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We made lunch at the rather beautiful Peekskill, New York, at the crossing of the Hudson River. It is easy to forget that New York state is mainly rolling Appalachian Mountains and green countryside, the bustling city is a mere speck in its South-Eastern corner. We then made the crossing into a region often mistaken for a state, New England. It comprises six rather modestly-sized states that we would have to criss-cross around in order to complete our American journey. The end is nigh.

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Day 97 – New Haven, CT to Plymouth, MA

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Many a famous American college are located in New England and Yale in Connecticut would be the first we would try to slink around pretending to be students. A role that, even though I had more than my fair share of, I do miss. I am not sure, however, that advertising the fact that your alumni include Bill Clinton, George Bush Snr and Jnr enhances your reputation, but that may just be me.

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A short drive along the Atlantic coast and we were in state forty-six, and the smallest of them all, Rhode Island. It may be the smallest but it could quite possibly be the wealthiest. The first affluent American’s built their mansions here and it is fairly easy to see why. The infamous Ocean Drive is literally besieged with secluded beaches and cliff walks and is home to a pretty good sunset too.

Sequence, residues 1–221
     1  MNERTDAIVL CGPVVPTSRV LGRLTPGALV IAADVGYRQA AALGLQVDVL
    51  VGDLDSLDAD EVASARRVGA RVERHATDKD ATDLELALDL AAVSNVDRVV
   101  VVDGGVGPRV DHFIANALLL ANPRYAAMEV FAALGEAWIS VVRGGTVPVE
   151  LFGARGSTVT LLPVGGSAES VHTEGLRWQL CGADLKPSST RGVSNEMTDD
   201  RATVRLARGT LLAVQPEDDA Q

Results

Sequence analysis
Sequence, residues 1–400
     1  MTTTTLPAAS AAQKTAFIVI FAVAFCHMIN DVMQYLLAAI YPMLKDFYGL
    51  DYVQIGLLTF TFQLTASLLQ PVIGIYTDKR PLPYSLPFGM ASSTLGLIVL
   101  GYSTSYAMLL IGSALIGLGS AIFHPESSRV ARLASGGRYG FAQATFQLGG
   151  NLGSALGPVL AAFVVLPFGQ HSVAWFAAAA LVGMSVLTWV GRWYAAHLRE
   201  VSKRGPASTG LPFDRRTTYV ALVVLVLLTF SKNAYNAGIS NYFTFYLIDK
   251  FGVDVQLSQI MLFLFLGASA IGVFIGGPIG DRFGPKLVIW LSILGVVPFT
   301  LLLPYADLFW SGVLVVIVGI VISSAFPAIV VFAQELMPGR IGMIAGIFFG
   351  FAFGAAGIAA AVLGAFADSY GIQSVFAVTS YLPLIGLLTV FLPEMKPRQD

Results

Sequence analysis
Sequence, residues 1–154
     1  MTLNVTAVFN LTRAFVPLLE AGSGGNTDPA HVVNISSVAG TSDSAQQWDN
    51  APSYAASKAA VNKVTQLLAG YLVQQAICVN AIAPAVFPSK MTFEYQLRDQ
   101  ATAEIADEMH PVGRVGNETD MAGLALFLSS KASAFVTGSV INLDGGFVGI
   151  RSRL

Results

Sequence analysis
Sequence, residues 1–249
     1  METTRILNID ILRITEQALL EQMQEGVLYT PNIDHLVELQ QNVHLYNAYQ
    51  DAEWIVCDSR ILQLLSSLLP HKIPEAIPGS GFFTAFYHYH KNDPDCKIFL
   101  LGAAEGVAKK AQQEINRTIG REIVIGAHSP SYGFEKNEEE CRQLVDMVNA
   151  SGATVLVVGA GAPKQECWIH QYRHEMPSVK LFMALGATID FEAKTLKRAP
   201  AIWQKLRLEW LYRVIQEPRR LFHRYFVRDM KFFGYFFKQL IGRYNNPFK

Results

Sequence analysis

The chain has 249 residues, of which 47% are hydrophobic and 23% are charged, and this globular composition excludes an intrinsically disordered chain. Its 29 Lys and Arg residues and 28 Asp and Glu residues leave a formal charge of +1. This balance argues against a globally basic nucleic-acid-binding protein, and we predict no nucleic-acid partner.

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We continued a little further along the coastal highway where we were propelled out of Rhode Island and into Massachusetts, the business hub of the North-North-East. Town names here are all taken from England, unsurprising given the region’s name, and we passed through a Southampton and a Portsmouth on the way to our camping location in Plymouth, I wonder if their football fans like to beat each other up as is traditional back home?

Day 98 – Plymouth, MA to Brattleboro, VT

We camped forty minutes away from Boston, our last major city in America, and after a look around the Downtown area we headed to the site of the Boston Tea Party. Forget New York City, Chicago & Los Angeles, parking in Boston is an inexplicable incubus of misery. After scouring the streets for over thirty minutes we had to settle on parking in a permit spot and taking it in turns to walk to the Tea Party Museum. With two of the ships involved in the debacle restored to their former glory, it was almost worth the parking debacle of our own to see them. Actually, it probably wasn’t.

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Our next stop would be the most illustrious college in New England and, quite possibly, America, Harvard. With security at the world-renowned Harvard Library trumping that of the White House, our slinking skills became highly inadequate. However, we did manage a tour around the campus and a look inside the undergraduate store. It is slightly more impressive than Cardiff Metropolitan University, I must admit.

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With our ninety days in America running out faster than a toupee in a hurricane, we had to continue our whistle-stop tour of New England by heading North-West, in darkness, to Vermont. The closer we got to the Green Mountain State the more ominous the destination appeared. Following a major leak from our water container the back of the car, our bedroom, was more than a little damp whilst the temperature was more than a little freezing. An interesting night await in the dark, lonely forests of Brattleboro.

Next week, the Voyager, if surviving Vermont, crosses off day one hundred as it attempts to visit the final two states on the Bucket List, New Hampshire and Maine. If successful, all fifty states would have been visited within one calendar year. The finale awaits.

Total kilometres: 26,062

J